Review: BenQ DesignVue PD2705U monitor
These days we're spoilt for choice when it comes to entry-level image-editing monitors, and although BenQ's newest monitor the PD2705U is the cheapest in the company's DesignVue series line-up at an RRP of $899, it packs a bunch of modern features, including 4K, a slick 'frameless' design, and an upgraded colour gamut, that make it an astute choice for photographers and creative professionals looking for a one-stop monitor solution.
Before we start, it's worth mentioning that BenQ sells a number of different monitors aimed at different audiences. Typically its PhotoVue series (which have an SW acronym) are aimed at photographers and offer BenQ's most advanced colour accuracy, while the DesignVue series (PD) are a broader category aimed at designers and 'creative professionals', which likely includes videographers and even gamers, although BenQ has a dedicated category for these users too.
The DesignVue series are well-rounded, multi-purpose displays suitable for general design tasks. BenQ's PD2705U fits in this category.
The build and features
As you'd expect, the BenQ PD2705U comes beautifully packaged. BenQ are probably better than any at packaging their screens for transport, and the screen and accessories were delivered in a robust box that carefully layers the most delicate bit (the monitor) among layers of cardboard.
The packaging also includes one of BenQ's signatures - the monitor's own dedicated calibration report.
Otherwise, the included accessories are particularly thorough - along with the monitor, stand and power cable, are a number of cables that should have you connecting the monitor to your device with a minimum of fuss, including a USB-C cable, HDMI cable, and USB cable. I had the monitor set-up within about 15 minutes via USB-C to my Macbook Pro.
In addition, BenQ also include it's Hotkey puck, a customisable dial that sits neatly on the included stand and allows for customisation of a number of commonly used features.
Most users will likely set the three hot keys to swap between colour profiles, but in theory you can customise it almost anyway you like and it also lets you adjust other settings as well. It's much easier than using a menu tied to controls on the side or front of a monitor and is a nice addition.
Also, Kudos to BenQ for designing a really user-friendly stand as well. Unlike Apple's controversial height-adjustable stand you'll need to pay extra for, the one on the BenQ is easy to adjust and will also flip to a vertical orientation if you so desire. Visually, the screen is good looking too - it features a very thin bezel that maximises screen real estate and also has a neat cable holder on the back.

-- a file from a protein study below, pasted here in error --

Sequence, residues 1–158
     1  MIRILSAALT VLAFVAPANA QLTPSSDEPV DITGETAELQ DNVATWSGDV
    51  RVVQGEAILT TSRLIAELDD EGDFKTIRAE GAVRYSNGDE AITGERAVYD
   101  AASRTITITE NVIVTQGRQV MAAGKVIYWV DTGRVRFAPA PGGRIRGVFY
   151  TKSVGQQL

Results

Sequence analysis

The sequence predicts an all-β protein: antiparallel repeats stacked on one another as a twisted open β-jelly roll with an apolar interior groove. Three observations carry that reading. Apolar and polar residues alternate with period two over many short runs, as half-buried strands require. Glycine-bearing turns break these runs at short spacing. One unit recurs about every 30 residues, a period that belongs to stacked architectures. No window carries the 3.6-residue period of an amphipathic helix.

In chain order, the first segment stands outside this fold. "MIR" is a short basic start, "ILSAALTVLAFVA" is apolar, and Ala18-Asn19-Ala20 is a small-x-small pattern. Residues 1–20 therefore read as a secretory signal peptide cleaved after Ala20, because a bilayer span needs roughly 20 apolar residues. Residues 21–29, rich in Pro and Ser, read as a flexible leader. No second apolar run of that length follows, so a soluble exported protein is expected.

On the rear, you'll find a heap of ports too - there are two USB 3.1 ports, two USB-B, an HDMI 2.0, USB-C, DPI.4, and one port for the included hotkey puck. That's not all - on the side, there is a USB-C (downstream for charging), USB 3.1 and a headphone jack as well.
Finally, the PD2705U includes KVM, an abbreviation of keyboard, video, and monitor/mouse. This is a tiny hardware module which allows users to view and control two or more PCs using one monitor, one keyboard, and a single mouse.
If you plan to use the monitor with multiple computers, say with an iPad and a Macbook, but want to just use the one keyboard and mouse with it, the addition of KVM can lead to a much better-arranged work space. It's a cool addition and is accessed via a number of ports on the rear.
The PD2705U is 4K, and comes in at 3840x2160 UHD. Seeing really is believing, and it's fair to say it's beautifully sharp, with images displaying tons of contrast and blacks also showing lots of detail. With a pixel density of 140 PPI it's simply a stunning screen to look at images with, and a real step up from my Macbook Pro's Retina screen, which seems very flat by comparison.
In terms of colour accuracy, you're well covered. The higher/wider the color gamut, the more colours the monitor can display, and the PD2705U covers 99% of the sRGB and Rec.709 colour spaces and has a 1000:1 contrast ratio. Colour consistency corner-to-corner is excellent, and like BenQ's PhotoVue series of monitors, the PD2705U is also Pantone certified, as far as we're aware the only monitor brand to offer this certification.
BenQ monitors ship pre-calibrated, and colour accuracy straight out of the box is one of the brand's key selling points.
Perhaps the only criticism of the monitor is its relatively slow refresh rate of 60Hz, which doesn't make it the complete allrounder some users will be looking for. But ultimately, the viewing experience won’t leave you disappointed.
I've been greatly impressed by the BenQ PD2705U monitor. It looks great, performs well and displays beautifully accurate and bright colours.
The only question for photographers is likely to be whether BenQ's PhotoVue series of image-editing monitors make more sense as they offer even more accurate colour, but the reality today is so many of us need our tools to be multipurpose, and for many users what this monitor brings to the desk will be good enough. And that's before you even take into account the price, which at $899 is very competitive for such a well-specced screen.
If you're a photographer who likes to dip your toe into design, video or even a bit of gaming, the PD2705U is a very safe bet indeed.